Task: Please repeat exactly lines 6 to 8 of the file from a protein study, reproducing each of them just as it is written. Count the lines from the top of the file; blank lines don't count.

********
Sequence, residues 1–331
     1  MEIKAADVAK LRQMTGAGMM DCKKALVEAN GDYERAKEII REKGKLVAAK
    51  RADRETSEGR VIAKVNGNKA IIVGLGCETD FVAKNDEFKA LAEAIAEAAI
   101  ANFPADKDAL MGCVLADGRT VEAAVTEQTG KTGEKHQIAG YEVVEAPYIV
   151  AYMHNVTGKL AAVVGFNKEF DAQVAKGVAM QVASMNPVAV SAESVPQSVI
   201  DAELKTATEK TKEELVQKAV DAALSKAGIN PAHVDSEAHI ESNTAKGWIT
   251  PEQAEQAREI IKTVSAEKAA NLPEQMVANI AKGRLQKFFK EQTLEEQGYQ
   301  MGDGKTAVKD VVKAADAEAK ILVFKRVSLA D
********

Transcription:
   201  DAELKTATEK TKEELVQKAV DAALSKAGIN PAHVDSEAHI ESNTAKGWIT
   251  PEQAEQAREI IKTVSAEKAA NLPEQMVANI AKGRLQKFFK EQTLEEQGYQ
   301  MGDGKTAVKD VVKAADAEAK ILVFKRVSLA D